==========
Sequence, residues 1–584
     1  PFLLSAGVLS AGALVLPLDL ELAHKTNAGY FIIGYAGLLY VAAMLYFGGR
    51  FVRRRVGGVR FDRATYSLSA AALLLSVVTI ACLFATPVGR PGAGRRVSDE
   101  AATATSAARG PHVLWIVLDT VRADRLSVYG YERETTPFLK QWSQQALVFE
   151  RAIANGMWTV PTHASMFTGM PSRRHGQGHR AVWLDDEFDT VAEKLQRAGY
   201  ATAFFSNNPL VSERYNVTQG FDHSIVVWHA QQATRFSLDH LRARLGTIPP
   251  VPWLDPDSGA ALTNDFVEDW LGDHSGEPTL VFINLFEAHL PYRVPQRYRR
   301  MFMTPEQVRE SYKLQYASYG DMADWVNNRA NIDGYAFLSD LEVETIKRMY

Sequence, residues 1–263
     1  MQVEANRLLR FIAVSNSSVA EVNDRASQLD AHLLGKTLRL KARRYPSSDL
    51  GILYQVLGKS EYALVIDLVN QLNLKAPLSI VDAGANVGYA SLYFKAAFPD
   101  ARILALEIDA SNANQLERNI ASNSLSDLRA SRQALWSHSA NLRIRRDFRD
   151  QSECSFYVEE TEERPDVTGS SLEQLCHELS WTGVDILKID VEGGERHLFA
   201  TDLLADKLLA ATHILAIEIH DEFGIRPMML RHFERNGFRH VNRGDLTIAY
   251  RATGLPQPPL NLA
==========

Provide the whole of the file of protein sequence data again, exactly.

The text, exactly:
Sequence, residues 1–584
     1  PFLLSAGVLS AGALVLPLDL ELAHKTNAGY FIIGYAGLLY VAAMLYFGGR
    51  FVRRRVGGVR FDRATYSLSA AALLLSVVTI ACLFATPVGR PGAGRRVSDE
   101  AATATSAARG PHVLWIVLDT VRADRLSVYG YERETTPFLK QWSQQALVFE
   151  RAIANGMWTV PTHASMFTGM PSRRHGQGHR AVWLDDEFDT VAEKLQRAGY
   201  ATAFFSNNPL VSERYNVTQG FDHSIVVWHA QQATRFSLDH LRARLGTIPP
   251  VPWLDPDSGA ALTNDFVEDW LGDHSGEPTL VFINLFEAHL PYRVPQRYRR
   301  MFMTPEQVRE SYKLQYASYG DMADWVNNRA NIDGYAFLSD LEVETIKRMY

Sequence, residues 1–263
     1  MQVEANRLLR FIAVSNSSVA EVNDRASQLD AHLLGKTLRL KARRYPSSDL
    51  GILYQVLGKS EYALVIDLVN QLNLKAPLSI VDAGANVGYA SLYFKAAFPD
   101  ARILALEIDA SNANQLERNI ASNSLSDLRA SRQALWSHSA NLRIRRDFRD
   151  QSECSFYVEE TEERPDVTGS SLEQLCHELS WTGVDILKID VEGGERHLFA
   201  TDLLADKLLA ATHILAIEIH DEFGIRPMML RHFERNGFRH VNRGDLTIAY
   251  RATGLPQPPL NLA